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Suppose one has a local ring $(A,\mathfrak{m})$ and a finite length $A$-module $M$ with $\operatorname{supp}(M) = \{\mathfrak{m}\}$. Does $M$ have a composition series consisting only of $A/\mathfrak{m}$'s?

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Does it follow from Eisenbud, Commutative Algebra, Theorem 2.13? – user5262 Nov 27 '11 at 17:18
up vote 4 down vote accepted

Yes, this is true:

a) Since $M$ has finite length, it has by definition a composition series.
This means that there exists a non-refinable filtration $M_0=M \supsetneq M_1 \supsetneq...\supsetneq M_n=0$ , in other words a filtration where each $M_i/M_{i+1}$ is a simple $A$-module.

b) Now, a simple $A$-module $S$ is isomorphic to $A/{\mathfrak m}$ with ${\mathfrak m}\subset A$ maximal.
Indeed choose a non-zero element $s\in S$ (the zero module is not regarded as simple!) and consider the morphism $f:A\to S: a\mapsto as$. Its image is non-zero [because $f(1)=s\neq0$] hence it is $S$ since, by simplicity, $S$ is the only non-zero submodule of $S$ . So $f$ is surjective and $S\simeq A/Ker(f)$. But $A/Ker(f)$ can only be simple if $Ker(f)$ is a maximal ideal, so that $Ker(f)$ is a maximal ideal $\mathfrak m$ and, as announced, $S\simeq A/\mathfrak m$

c) Since your ring is local, $\mathfrak m$ is its only maximal ideal, and your question has an affirmative answer: $M$ has a composition series with quotients isomorphic to $A/\mathfrak m$. As Pierre-Yves very judiciously remarks, you don't need the hypothesis that the support of $M$ is $\lbrace\mathfrak m \rbrace$.

My former proof was much more complicated and needed $A$ noetherian. Any merit that the above proof might have should go to QiL and Pierre-Yves Gaillard (see their comments below).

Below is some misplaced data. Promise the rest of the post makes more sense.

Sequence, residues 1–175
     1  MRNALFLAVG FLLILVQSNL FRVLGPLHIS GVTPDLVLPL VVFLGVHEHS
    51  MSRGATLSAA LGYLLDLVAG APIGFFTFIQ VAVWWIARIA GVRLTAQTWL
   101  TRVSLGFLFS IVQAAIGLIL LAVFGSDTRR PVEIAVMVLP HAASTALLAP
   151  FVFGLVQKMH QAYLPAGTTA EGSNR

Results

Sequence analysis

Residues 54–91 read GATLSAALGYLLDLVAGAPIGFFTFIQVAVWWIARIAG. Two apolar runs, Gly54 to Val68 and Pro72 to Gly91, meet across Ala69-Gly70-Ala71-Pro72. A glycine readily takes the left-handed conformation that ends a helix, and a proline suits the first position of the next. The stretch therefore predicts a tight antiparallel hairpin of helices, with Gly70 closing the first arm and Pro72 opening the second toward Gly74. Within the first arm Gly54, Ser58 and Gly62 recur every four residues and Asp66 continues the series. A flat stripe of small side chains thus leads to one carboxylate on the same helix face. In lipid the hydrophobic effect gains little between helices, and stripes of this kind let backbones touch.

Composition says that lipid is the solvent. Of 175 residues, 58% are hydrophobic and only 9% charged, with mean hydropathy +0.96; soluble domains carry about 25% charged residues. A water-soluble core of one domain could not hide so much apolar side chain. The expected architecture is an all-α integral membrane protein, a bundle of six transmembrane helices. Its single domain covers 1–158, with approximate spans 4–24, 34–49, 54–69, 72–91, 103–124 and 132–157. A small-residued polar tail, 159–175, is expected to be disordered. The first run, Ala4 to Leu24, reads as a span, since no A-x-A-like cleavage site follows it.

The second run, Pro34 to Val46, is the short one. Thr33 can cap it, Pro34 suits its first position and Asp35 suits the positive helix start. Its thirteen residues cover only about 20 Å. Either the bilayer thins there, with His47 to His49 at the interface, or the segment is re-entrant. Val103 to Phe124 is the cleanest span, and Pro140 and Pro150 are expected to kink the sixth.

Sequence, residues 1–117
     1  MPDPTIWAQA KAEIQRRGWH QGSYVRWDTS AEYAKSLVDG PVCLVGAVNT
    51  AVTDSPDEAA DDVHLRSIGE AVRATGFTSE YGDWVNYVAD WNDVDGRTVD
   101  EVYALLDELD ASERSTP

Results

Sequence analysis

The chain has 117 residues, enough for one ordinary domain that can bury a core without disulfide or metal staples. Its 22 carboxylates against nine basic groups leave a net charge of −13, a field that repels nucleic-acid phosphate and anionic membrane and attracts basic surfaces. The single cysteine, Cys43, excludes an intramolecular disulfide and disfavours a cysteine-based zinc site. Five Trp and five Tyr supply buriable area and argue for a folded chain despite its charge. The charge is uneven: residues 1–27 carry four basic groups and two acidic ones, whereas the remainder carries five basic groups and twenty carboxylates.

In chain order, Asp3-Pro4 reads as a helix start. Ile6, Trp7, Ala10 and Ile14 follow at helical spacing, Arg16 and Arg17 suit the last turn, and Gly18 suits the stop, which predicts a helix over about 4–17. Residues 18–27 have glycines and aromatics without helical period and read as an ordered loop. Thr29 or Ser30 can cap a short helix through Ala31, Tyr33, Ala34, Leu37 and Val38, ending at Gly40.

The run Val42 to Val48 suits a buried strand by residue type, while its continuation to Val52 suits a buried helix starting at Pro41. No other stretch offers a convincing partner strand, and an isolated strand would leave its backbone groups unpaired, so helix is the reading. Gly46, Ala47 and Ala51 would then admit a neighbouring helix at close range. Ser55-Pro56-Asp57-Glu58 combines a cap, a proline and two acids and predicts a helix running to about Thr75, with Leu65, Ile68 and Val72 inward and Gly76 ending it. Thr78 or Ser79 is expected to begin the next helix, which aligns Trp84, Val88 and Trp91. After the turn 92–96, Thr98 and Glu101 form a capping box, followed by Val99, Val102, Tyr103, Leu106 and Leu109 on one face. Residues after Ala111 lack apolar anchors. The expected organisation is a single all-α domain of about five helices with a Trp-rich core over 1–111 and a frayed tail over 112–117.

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Thank you very much! – user5262 Nov 27 '11 at 18:13
Dear Georges: Which definition of "finite length module" are you using? – Pierre-Yves Gaillard Nov 27 '11 at 18:54
Dear @Pierre-Yves, in order not to clutter the comments, I'll add a section to my answer giving two equivalent definitions of "finite length". – Georges Elencwajg Nov 27 '11 at 19:59
Dear Georges, isn't it simply the fact that the only simple module $M$ over a local ring $A$ is its residue field ? Such module is automatically generated by a single element because of the simplicity. By Nakayam (the noetherian hypothesis is not needed because $M$ is finitely generated), $\mathfrak m M \neq M$, hence $\mathfrak m M=0$ and $M$ is a vector space over $k$, generated by one element, so $M\simeq k$. – user18119 Nov 27 '11 at 20:16
Dear Georges: Thanks for your edit, but it seems to me, from what you wrote, that the Jordan-Hölder factors of any finite length module, over any (commutative) ring, consists of modules of the form $A/\mathfrak m$, with $\mathfrak m$ maximal. So I don't understand why user5262 makes this support assumption, and why you make this noetherianity assumption... Sorry to bother you, but I'm really confused... [Dear @QiL: I hadn't read your comment while writing mine. It seems to me there are some similarities between our reactions.] – Pierre-Yves Gaillard Nov 27 '11 at 20:26

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